AvosLocker Ransomware Continues to Target US - CISA Alert AA23-284A

The Red Report 2024

The Top 10 MITRE ATT&CK Techniques Used by Adversaries


On October 11, 2023, The Cybersecurity and Infrastructure Security Agency (CISA) released a joint advisory on AvosLocker ransomware [1]. AvosLocker is a Ransomware-as-a-Service group that employs double extortion tactics in their ransomware attack campaigns. AvosLocker was first seen in June 2021, and they have multiple ransomware variants for Windows, Linux, and VMware ESXi environments.

In this blog post, we explained the Tactics, Techniques, and Procedures (TTPs) used by AvosLocker ransomware and how organizations can defend themselves against AvosLocker ransomware attacks.

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AvosLocker Ransomware

AvosLocker ransomware group emerged in June 2021. AvosLocker employs a Ransomware-as-a-Service (RaaS) business model and provides ransomware infrastructure to other threat actors for a percentage of the ransom payments. Like many other contemporary ransomware groups, AvosLocker also employs a double-extortion tactic. The group steals the victim's sensitive data and threatens to publish it on their "leak site" if the ransom isn't paid. This tactic puts additional pressure on victims, especially those who hold sensitive or confidential data. AvosLocker is known for attacking high-profile targets and demanding significant ransoms. In the recent past, they targeted critical infrastructure in different sectors in the US, Canada, the UK, and Spain.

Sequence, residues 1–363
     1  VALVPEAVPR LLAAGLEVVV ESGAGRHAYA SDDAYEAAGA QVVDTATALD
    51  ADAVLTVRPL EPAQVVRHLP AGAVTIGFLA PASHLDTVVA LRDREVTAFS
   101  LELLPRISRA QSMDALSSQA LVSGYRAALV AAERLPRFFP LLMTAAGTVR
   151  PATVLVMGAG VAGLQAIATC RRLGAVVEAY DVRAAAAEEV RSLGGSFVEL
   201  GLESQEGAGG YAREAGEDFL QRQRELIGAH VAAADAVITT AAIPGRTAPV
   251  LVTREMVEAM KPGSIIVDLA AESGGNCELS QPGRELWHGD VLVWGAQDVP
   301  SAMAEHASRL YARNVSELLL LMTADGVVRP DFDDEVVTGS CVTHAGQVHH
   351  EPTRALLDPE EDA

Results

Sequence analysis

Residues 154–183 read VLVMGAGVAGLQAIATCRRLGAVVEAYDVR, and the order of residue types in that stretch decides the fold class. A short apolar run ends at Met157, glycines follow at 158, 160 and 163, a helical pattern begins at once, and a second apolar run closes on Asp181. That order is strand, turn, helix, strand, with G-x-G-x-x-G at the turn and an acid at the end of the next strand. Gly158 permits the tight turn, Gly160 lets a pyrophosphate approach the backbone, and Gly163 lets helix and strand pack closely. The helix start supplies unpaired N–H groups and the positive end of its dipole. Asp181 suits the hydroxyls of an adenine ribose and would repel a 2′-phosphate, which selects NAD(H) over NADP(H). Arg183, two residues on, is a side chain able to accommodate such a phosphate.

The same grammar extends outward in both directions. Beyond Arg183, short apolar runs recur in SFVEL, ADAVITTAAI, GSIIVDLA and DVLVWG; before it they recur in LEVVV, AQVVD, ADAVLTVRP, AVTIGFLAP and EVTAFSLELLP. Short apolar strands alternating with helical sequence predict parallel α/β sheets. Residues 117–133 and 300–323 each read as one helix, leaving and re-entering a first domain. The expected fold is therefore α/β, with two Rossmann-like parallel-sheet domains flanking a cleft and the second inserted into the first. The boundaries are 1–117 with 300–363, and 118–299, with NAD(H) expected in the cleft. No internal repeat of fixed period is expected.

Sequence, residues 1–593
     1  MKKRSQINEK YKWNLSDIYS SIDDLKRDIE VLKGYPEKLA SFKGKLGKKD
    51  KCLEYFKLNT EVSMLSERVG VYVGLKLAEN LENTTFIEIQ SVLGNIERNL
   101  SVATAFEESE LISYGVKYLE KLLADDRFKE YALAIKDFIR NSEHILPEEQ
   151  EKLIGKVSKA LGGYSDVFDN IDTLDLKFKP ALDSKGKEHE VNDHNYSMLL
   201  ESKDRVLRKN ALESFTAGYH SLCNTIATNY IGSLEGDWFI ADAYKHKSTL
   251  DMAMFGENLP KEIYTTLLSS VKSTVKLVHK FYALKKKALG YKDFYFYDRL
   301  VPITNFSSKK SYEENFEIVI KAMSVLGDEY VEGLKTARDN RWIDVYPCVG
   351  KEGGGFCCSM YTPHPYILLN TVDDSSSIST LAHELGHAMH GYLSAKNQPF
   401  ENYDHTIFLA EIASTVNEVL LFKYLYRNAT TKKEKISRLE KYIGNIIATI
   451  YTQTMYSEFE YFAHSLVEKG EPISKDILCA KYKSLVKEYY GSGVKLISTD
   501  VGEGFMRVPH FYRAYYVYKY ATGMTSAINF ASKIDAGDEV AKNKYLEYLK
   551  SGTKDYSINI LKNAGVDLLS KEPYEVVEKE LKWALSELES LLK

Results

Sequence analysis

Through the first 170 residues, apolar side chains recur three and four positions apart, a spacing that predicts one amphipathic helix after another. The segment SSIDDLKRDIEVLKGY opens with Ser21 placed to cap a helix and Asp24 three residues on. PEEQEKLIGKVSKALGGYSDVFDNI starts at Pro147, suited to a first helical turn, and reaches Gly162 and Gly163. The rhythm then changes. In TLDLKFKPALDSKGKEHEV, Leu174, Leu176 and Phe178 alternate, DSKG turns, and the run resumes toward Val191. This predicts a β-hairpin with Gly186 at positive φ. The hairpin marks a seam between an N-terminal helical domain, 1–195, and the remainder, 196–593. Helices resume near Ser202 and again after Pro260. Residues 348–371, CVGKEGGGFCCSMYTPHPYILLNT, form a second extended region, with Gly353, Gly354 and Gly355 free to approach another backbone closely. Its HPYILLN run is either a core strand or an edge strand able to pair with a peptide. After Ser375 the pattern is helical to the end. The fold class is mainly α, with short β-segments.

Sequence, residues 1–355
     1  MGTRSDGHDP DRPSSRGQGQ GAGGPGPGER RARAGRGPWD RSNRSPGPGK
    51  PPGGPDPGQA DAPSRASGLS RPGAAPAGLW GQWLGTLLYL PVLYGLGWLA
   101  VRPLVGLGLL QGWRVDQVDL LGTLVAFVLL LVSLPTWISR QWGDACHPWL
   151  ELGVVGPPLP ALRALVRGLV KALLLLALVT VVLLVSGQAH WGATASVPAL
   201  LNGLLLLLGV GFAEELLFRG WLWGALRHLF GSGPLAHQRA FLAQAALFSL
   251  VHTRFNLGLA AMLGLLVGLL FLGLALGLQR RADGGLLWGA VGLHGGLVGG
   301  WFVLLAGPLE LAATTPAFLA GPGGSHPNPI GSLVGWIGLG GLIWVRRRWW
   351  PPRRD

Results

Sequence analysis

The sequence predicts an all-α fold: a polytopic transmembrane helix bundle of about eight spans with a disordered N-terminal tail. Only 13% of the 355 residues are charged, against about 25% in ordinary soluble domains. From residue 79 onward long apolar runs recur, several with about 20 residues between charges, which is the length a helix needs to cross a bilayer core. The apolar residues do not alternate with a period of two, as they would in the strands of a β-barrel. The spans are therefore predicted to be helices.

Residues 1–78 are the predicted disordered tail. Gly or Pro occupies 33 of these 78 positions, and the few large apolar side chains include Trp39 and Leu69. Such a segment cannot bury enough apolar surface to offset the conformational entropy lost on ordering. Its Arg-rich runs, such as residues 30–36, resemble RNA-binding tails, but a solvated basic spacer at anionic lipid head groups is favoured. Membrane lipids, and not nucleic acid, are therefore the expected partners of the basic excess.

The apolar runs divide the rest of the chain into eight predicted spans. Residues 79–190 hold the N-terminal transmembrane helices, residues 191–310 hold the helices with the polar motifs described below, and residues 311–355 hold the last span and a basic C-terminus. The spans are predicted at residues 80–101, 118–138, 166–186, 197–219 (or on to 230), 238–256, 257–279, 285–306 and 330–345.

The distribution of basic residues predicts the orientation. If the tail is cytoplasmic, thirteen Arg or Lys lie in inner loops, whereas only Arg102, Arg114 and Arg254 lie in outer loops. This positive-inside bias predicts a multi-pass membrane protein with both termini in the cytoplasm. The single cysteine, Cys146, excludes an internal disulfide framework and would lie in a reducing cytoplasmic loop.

AvosLocker often uses common initial access techniques such as spear-phishing emails, exploiting vulnerable public-facing applications, or using compromised Remote Desktop Protocol (RDP) credentials. After initial access, adversaries upload custom webshells to establish persistence in the victim's network. Using known credential dumping tools, AvosLocker threat actors steal credentials from the compromised host and use them for lateral movement and privilege escalation. Prior to encryption, attackers exfiltrate the victim's sensitive files to an adversary-controlled command and control (C2) server. In the final step, AvosLocker reboots the infected machine in Safe Mode with Networking and encrypts the victim's sensitive files.